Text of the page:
Grilled frogs, snake, prahok, grey bits of egg

You can also see the grilled dried snake in this picture, and the grey cubes are pieces of those grilled eggs I wrote about above. (They're grey because of the pepper in the mixture!) Regarding the snake, I'm glad I tried it, but wasn't a huge fan - it was chewy and had a fishy aftertaste (this is because they're water snakes, apparently).

Ok, onto sweets! Here are those steamed rice cake cylinders that we'd bought at Psar Leu market. These were topped with sugar, crushed peanuts and fresh coconut shavings. Unsurprisingly, they were delicious.

Rice dessert!

And then we were almost done! We cleaned up, and walked back to the tuk tuk. On the way, we bought these steamed rice stick snacks. They're a mixture of white glutinous rice and beans, unsweetened, and steamed in bamboo. I found these more interesting than tasty - very chewy and bland, when I was expecting (hoping for!) sweetness.

Rice stick "dessert"

But if you want sweetness... there were quite a few cake stalls as well! These all looked very similar to Malaysian kuih to me, so I was ok with not trying these, but I was really intrigued by those big pancakes at the back that you can see the lady preparing.


These coconut pancakes are a little hard to describe - the outside pancake, served cold, was pliable but still a bit stiff (kinda like a stale prawn cracker in texture), and filled with sugar, peanuts, glutinous rice, beans, and shaved coconut. They were seriously awesome!

Coconut pancakes

We didn't try the honeycomb, but I thought it was interesting to share. The honeycomb is sold (and eaten) complete with bees and larvae, which are a good source of protein.


And that was the tour! We really enjoyed it, and I would absolutely recommend doing it. As a food lover, I found it totally fascinating, and it really gave us an insight into contemporary Khmer culture that we certainly didn't see in our hotel or on our temple visits. (Both of which were still awesome, and totally worthy of my precious time and hard-earned money, in my opinion).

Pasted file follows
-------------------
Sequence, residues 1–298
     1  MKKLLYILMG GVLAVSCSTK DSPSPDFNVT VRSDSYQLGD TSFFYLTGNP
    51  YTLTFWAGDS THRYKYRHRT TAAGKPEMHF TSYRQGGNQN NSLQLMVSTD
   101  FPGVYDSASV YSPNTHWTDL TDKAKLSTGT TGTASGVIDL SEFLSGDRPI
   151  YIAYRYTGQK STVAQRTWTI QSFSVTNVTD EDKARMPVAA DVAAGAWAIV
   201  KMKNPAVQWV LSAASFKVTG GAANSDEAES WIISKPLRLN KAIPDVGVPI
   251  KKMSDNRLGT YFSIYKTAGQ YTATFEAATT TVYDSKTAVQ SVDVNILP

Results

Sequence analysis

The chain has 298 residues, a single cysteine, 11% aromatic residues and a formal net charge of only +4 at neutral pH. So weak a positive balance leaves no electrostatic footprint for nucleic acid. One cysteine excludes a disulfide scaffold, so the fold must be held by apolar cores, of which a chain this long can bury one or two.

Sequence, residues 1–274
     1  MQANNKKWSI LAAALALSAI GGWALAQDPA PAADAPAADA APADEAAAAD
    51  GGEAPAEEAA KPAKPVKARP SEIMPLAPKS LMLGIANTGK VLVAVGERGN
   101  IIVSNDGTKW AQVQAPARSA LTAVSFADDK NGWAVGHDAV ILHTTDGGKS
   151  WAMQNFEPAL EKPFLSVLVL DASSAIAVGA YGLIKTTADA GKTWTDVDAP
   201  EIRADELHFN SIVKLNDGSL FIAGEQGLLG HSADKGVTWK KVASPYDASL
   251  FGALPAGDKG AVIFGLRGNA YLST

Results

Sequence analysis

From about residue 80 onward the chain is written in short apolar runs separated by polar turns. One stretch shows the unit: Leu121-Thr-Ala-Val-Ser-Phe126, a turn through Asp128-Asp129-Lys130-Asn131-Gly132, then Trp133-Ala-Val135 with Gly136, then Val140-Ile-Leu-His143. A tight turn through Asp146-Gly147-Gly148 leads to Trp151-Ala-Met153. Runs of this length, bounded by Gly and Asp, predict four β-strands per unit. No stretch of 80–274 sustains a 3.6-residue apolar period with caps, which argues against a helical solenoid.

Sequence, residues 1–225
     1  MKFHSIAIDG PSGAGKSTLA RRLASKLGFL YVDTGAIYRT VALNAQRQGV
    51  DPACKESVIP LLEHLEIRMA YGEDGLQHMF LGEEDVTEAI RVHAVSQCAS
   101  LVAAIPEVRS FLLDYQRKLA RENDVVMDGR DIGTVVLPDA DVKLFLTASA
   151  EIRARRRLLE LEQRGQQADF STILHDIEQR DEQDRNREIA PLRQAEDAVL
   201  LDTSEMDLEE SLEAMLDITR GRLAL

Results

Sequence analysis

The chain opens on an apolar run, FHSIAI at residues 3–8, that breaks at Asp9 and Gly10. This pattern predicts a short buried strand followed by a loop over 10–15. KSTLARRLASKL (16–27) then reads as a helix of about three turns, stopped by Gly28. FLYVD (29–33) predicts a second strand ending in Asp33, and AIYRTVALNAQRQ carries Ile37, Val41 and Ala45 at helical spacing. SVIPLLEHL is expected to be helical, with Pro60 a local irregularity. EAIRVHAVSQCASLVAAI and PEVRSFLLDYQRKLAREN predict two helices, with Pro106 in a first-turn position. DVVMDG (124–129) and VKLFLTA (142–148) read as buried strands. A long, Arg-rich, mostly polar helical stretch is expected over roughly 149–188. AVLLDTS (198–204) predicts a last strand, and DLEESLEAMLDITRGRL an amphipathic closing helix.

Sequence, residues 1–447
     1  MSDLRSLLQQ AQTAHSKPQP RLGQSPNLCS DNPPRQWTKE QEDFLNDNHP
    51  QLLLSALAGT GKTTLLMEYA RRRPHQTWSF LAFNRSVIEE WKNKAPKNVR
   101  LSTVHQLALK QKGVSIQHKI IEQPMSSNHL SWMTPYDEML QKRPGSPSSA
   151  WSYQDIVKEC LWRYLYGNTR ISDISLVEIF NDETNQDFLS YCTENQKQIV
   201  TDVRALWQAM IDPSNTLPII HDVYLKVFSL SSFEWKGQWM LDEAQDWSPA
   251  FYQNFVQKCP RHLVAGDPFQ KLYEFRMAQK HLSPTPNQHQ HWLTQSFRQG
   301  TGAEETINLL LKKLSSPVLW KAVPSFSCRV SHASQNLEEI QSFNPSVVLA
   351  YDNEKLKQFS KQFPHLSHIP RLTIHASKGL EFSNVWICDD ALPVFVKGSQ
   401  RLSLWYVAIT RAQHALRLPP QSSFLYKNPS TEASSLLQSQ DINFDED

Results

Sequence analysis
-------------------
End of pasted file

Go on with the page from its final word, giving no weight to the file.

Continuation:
At the time of our visit, the tour cost $25USD per person including tuktuk pickup from your hotel, tour guide, and all food. See the River Garden website for latest information.

And now I'm done with the Cambodia posts! Here are the other posts from my trip to Cambodia:

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  1. Anonymous8:39 AM

    Oh my gosh how amazing!!! That's so great to know that there actually is a way to access all of this, and I imagine it would have been nice having a local there to pre-warn you about what you're eating hehe

  2. So awesome. V. jealous! I can just imagine your delighted face. :)

  3. I love the riot of colour in South East Asia - and the incredible street food. It feels like every day is an adventure! The tour sounds like such a no-fuss way to explore it all.

  4. I can never get enough of street food! It looks absolutely wonderful! :D

  5. Anonymous9:29 AM

    Ha, I loved your note about not being a douche. So many people do get judgemental about how things are done in other countries, and don't appreciate that it's just the way people live there!

    I'm Chinese and love going back to China for visits - the amount of flak I hear from people about Chinese living standards is incredible. It's just incredibly rude.

  6. Ha, I loved your note about not being a douche. So many people do get judgemental about how things are done in other countries, and don't appreciate that it's just the way people live there!

    I'm Chinese and love going back to China for visits - the amount of flak I hear from people about Chinese living standards is incredible. It's just incredibly rude.